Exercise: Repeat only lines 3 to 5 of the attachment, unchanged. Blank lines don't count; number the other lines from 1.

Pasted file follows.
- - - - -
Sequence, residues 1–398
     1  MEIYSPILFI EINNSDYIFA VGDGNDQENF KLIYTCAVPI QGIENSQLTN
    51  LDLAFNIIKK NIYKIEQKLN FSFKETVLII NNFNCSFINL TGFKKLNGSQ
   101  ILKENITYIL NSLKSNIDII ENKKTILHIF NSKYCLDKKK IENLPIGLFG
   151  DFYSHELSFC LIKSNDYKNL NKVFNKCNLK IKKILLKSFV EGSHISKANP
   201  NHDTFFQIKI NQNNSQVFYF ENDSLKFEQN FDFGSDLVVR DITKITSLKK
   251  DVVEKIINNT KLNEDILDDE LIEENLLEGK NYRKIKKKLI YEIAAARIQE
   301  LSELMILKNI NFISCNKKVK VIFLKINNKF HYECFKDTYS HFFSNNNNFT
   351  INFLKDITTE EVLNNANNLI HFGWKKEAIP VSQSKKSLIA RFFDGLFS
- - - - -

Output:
    51  LDLAFNIIKK NIYKIEQKLN FSFKETVLII NNFNCSFINL TGFKKLNGSQ
   101  ILKENITYIL NSLKSNIDII ENKKTILHIF NSKYCLDKKK IENLPIGLFG
   151  DFYSHELSFC LIKSNDYKNL NKVFNKCNLK IKKILLKSFV EGSHISKANP